Bauxite Stockpiles have yet to be Cleared in Kuantan. Seriously
The clear-up of bauxite stockpiles in Kuantan has been sluggish, to say the least. Photo Credit: Berita Daily
Two years after a moratorium on all bauxite mining was imposed in Pahang, local stockpiles have still not been cleared. Some 10 tons of bauxite still remains. In other words, the clear-up has been manifestly sluggish, even by local standards, to say the least.
And so it goes. What seemed like a relatively simple matter has been dragging on and on. This sad state of affairs has added to the woes and concerns of locals in Kuantan with the threat of run-off from iron ore stockpiles and inactive open pits that scar the landscape being ever present while stockpiles remain in place.
As a result, the federal recently extended the ban on bauxite mining again until at least June 30. “Once all that (clean-up) is ready, we will look at its implementation,” Wan Junaidi Tuanku Jaafar, minister of Natural Resources and Environment, has been quoted as telling the media. “We’re not here to ban mining, but it must follow best practices.”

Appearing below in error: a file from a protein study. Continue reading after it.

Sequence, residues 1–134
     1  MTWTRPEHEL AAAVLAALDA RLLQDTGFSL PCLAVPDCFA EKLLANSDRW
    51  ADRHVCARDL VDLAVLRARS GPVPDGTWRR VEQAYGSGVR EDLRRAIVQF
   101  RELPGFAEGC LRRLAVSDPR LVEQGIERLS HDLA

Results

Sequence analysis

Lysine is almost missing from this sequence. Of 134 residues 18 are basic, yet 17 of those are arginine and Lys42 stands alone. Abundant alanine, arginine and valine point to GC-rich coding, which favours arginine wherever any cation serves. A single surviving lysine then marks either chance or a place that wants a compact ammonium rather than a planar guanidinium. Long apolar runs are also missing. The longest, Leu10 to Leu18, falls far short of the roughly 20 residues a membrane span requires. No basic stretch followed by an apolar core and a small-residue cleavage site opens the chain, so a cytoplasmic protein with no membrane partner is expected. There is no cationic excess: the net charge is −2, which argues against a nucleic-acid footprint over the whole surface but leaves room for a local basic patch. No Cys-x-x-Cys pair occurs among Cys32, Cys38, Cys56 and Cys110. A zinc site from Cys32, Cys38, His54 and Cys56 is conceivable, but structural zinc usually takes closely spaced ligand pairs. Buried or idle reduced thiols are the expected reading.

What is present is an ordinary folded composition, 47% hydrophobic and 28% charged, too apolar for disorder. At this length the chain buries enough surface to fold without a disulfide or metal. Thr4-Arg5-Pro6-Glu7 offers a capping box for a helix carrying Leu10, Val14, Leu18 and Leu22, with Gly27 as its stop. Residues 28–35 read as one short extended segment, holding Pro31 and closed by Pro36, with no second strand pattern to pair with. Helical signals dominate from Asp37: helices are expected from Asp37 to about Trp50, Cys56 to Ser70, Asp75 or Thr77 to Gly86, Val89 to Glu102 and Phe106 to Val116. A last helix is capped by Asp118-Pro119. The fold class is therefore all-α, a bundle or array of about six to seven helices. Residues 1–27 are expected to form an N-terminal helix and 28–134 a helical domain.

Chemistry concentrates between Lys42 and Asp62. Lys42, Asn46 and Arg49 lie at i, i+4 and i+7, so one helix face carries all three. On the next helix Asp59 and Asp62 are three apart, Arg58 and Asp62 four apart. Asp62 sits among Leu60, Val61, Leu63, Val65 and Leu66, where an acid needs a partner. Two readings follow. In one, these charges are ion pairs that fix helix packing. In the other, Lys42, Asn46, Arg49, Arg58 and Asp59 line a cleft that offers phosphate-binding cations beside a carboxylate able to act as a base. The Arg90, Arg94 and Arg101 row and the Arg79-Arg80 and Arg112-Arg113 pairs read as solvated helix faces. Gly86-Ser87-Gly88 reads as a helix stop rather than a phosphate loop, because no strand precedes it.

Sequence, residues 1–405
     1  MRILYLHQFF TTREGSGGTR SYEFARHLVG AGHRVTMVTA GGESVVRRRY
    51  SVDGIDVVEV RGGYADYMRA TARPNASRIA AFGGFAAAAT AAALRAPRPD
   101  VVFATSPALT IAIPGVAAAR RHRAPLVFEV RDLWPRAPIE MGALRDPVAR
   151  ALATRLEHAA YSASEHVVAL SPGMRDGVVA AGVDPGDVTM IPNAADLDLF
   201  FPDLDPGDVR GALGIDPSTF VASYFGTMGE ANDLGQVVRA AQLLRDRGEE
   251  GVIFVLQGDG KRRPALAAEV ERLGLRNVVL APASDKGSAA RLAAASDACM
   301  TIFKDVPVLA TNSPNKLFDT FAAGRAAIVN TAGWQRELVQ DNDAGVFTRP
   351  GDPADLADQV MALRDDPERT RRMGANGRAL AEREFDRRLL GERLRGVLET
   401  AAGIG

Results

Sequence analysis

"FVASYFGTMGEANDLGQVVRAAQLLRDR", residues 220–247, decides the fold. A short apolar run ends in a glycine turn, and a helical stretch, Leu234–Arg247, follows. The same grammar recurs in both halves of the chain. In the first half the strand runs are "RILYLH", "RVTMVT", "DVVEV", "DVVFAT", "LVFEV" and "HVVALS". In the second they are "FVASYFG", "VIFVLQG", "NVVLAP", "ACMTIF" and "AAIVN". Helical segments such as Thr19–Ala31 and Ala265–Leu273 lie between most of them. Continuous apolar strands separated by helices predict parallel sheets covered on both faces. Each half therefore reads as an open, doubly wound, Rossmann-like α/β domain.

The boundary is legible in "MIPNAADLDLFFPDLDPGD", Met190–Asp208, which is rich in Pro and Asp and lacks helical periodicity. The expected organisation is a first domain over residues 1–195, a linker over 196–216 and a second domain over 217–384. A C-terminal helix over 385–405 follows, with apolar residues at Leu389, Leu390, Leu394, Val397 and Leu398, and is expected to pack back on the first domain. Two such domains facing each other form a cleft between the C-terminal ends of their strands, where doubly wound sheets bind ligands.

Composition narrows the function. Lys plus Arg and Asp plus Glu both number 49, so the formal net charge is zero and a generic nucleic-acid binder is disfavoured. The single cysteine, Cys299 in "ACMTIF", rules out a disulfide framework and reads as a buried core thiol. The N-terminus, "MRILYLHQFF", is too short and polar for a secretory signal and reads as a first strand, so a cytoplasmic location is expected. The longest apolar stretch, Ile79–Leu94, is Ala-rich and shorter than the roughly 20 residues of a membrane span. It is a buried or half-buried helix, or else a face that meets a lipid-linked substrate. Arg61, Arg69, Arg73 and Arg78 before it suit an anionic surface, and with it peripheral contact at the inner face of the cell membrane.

Yes, it must. Then again, we’ve been here before. Repeatedly. Over the past two years the ban has been extended, then re-extended, then re-extended again and again. Why the repeated delays on the clean-up of existing stockpiles? you may wonder. Good question. There seems to have been little haste on the part of local authorities to get things going with the clear-up.
It has not helped matters that some locals have reported being witness to clandestine mining activities carrying on under the cover of darkness with fly-by-night operators being the alleged culprits. “The excavators passed by my house on Monday and when I demanded [to see] a permit, they could not provide me with any proof. I’m not sure what the mining operators are up to,” one elderly villager observed last year.
We all know what to make of that.
Meanwhile, the pell-mell mining activities that wreaked havoc with Kuantan’s environment throughout 2015, inflicting grave damage on local ecosystems, continue to have their effects felt. With soil and water sources badly contaminated, many local farmers have been experiencing unusually low yields. They include durian growers. Crops of the fruit in Kuantan, the ground zero of the bauxite mining disaster in Pahang, have been failing. Fish stocks in local rivers, too, may well have been tainted with toxins like heavy metals.
Some experts say the environment of Pahang might take years, if not decades, to fully recover from the widespread ravages brought on by unregulated open-pit bauxite mining, which turned Malaysia almost overnight into a leading producer of the aluminum ore for the voracious Chinese market.
The morale of the story: short-term economic gains obtained without a care for the health of the environment can deal massive harm to Malaysia’s famously biodiverse natural landscapes. Here’s hoping the bauxite mining fiasco will have taught all of us that important lesson.